Climbing on the Himalaya and other Mountain Ranges.

Edinburgh: T. and A. Constable for David Douglas, 1902.

8vo (221 x 141mm), pp. vii, [1 (note)], [2 (contents, verso blank)], [2 (illustrations, verso blank)], 315, [1 (publisher’s advertisement)]; photogravure frontispiece and 14 photogravure plates, all retaining tissue guards, after Collie and Colin B. Phillip, 3 Swantype plates after Phillip, one double-page, and 3 folding lithographic maps by J. Bartholomew & Co.; loosely-inserted flyer advertising the work, 8vo, 4pp; some light spotting on early ll. and flyer; original green cloth, spine lettered in gilt, top edges gilt, others uncut; endpapers slightly spotted, extremities lightly rubbed and bumped, nonetheless a very good copy in the original cloth; provenance: ‘M. Holzmann’ (signature on front free endpaper, most probably that of Sir Maurice Holzmann, 1835-1909, Secretary and Keeper of the Records of the Duchy of Cornwall, Clerk of the Council of the Prince of Wales, and Extra Groom-in-Waiting to King Edward VII; alpine mountaineer and member of the Alpine and Climbers Clubs; presumably acquired after the posthumous dispersal of his library by:) – Humphrey Owen Jones, Clare College, Cambridge (1878-1912, bookplate dated 1909 on upper pastedown).


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First edition. The organic chemist and mountaineer Collie (1859-1942), was educated at Charterhouse and Clifton College, before studying chemistry at University College, Bristol and at Queen's College, Belfast. A series of teaching and research positions at Würzburg University, the Ladies' College, Cheltenham, and University College, London followed, which culminated in his appointment as professor of chemistry at the College of the Pharmaceutical Society, London in 1896 and then professor of organic chemistry in the University of London at University College in 1902.

‘Besides his eminence as a scientist, [Collie] acquired great fame as a climber and explorer of mountains. Beginning with the Cuillin peaks in Skye, where he discovered many new climbs, he climbed with notable success in the Alps, and went in 1895 with A. F. Mummery to the Himalayas, where they attempted the ascent of Nanga Parbat; during this expedition Mummery was killed, an episode which deeply affected Collie. The latter also climbed in the Lofoten islands off the Norwegian coast, but his greatest work was done in his pioneering climbing, mapping, and surveying in the Canadian Rockies. His books, Climbing on the Himalaya and other Mountain Ranges (1902) and (with Hugh E. M. Stutfield) Climbs and Exploration in the Canadian Rockies (1903), are famous records. In Britain, Collie climbed particularly in Skye, Snowdon, and the Lake District. He was elected president of the Alpine Club in 1920 and was an honorary member of many other climbing clubs’ (ODNB).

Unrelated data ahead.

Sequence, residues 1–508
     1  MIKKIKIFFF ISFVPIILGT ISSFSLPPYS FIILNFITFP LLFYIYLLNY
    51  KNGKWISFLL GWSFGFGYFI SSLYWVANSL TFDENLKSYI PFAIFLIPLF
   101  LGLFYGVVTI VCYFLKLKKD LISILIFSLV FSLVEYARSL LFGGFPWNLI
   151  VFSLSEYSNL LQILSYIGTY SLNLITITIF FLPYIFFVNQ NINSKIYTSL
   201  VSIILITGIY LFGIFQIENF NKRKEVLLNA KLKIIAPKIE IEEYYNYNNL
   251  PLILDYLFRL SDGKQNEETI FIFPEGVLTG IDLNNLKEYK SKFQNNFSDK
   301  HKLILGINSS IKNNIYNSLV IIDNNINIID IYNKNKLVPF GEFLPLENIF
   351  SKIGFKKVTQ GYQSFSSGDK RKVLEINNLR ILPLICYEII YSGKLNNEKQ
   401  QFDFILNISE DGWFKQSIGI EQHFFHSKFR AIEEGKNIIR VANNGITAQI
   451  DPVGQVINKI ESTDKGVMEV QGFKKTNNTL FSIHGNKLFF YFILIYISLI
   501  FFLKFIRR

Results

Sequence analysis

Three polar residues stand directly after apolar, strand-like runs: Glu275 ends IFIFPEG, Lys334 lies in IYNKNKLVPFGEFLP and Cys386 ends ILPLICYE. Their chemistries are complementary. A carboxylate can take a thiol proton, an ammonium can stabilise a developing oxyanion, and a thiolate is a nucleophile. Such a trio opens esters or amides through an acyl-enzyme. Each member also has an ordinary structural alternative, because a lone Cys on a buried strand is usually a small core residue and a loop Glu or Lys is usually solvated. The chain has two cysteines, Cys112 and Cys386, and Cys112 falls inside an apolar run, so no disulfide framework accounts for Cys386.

Climbing on the Himalaya and other Mountain Ranges was the first book published by this ‘outstanding British climber and mountaineer’ (F.V. Hartemann and R. Hauptman, The Mountain Encyclopedia (Lanham, MD: 2005), p. 54), and is described by Perret as ‘Ouvrage important sur cette période de l’alpinisme, peu courant et recherché’. The substantial first part (pp. 1-134) is dedicated to the Himalayas – and includes a full account of Mummery’s ill-fated 1895 expedition to Nanga Parbat – while the second part is composed of accounts of expeditions in the Canadian Rockies, the Alps, the Lofoten Islands, A Chuilionn, Ireland, and Wastdale Head. The work concludes with ‘A Reverie’, ‘The Oromaniacal Quest’, ‘Fragment from a Lost MS.’, and ‘Notes on the Himalayan Mountains’.

This copy was previous in the library of the Welsh chemist and mountaineer Humphrey Owen Jones, who was educated at the universities of Wales and Cambridge. In 1901 he was appointed Jacksonian Demonstrator at Cambridge, becoming a Fellow of Clare College, Cambridge in 1902 and College Lecturer in Chemistry and Physics in 1903. A distinguished career as a teacher, researcher and author followed, which led to his election to the Royal Society on 2 May 1912 (Collie had been elected a Fellow of the Royal Society in 1896; the Royal Society’s biographical records reveal that the chemists R. Meldola, W.H. Perkin, A.C. Brown, and H.B. Dixon were proposers for both men).

Jones was also an enthusiastic mountaineer, who climbed regularly in Snowdonia from 1907: ‘[he] proved to be a born rock climber, and he brought to mountaineering the same vigour and enthusiasm which he showed in his scientific work. Within a very few years he was regarded as one of the most skilful cragsmen and capable mountaineers in Britain’ (J. Shorter, ‘Humphrey Owen Jones, F.R.S. (1878-1912), Chemist and Mountaineer’, in Notes and Records of the Royal Society of London (vol. 33 (1979), pp. 261-277, at p. 272). Together with his student and (later) wife Muriel Gwendolen Edwards, he visited the Alps regularly, and ‘He was particularly interested in the south side of Mont Blanc, with its great Brouillard and Peuteret Ridges. Jones was present on several notable first ascents including the Aiguille Blanche de Peuteret from the west, the Brouillard Ridge from the Col Emile Rey, and La Pointe Isolee of Les Dames Anglaises’ (loc. cit.). This interest would have doubtless made Collie’s work particularly interesting to Jones, since the chapter on the Alps discusses Mont Blanc in some detail. Following their marriage on 1 August 1912, the Joneses honeymooned in the Alps, where they embarked upon an ascent of Mont Rouge de Peuteret (a peak on the south side of Mont Blanc) with their guide Julius Truffer on 15 August. During the ascent, Truffer slipped and pulled the other two, roped climbers with him to their deaths on the Fresnay Glacier, some 300 metres below.

NLS, Mountaineering, c259; Neate C94; Perret 1059; Yakushi (3rd ed.) C315.

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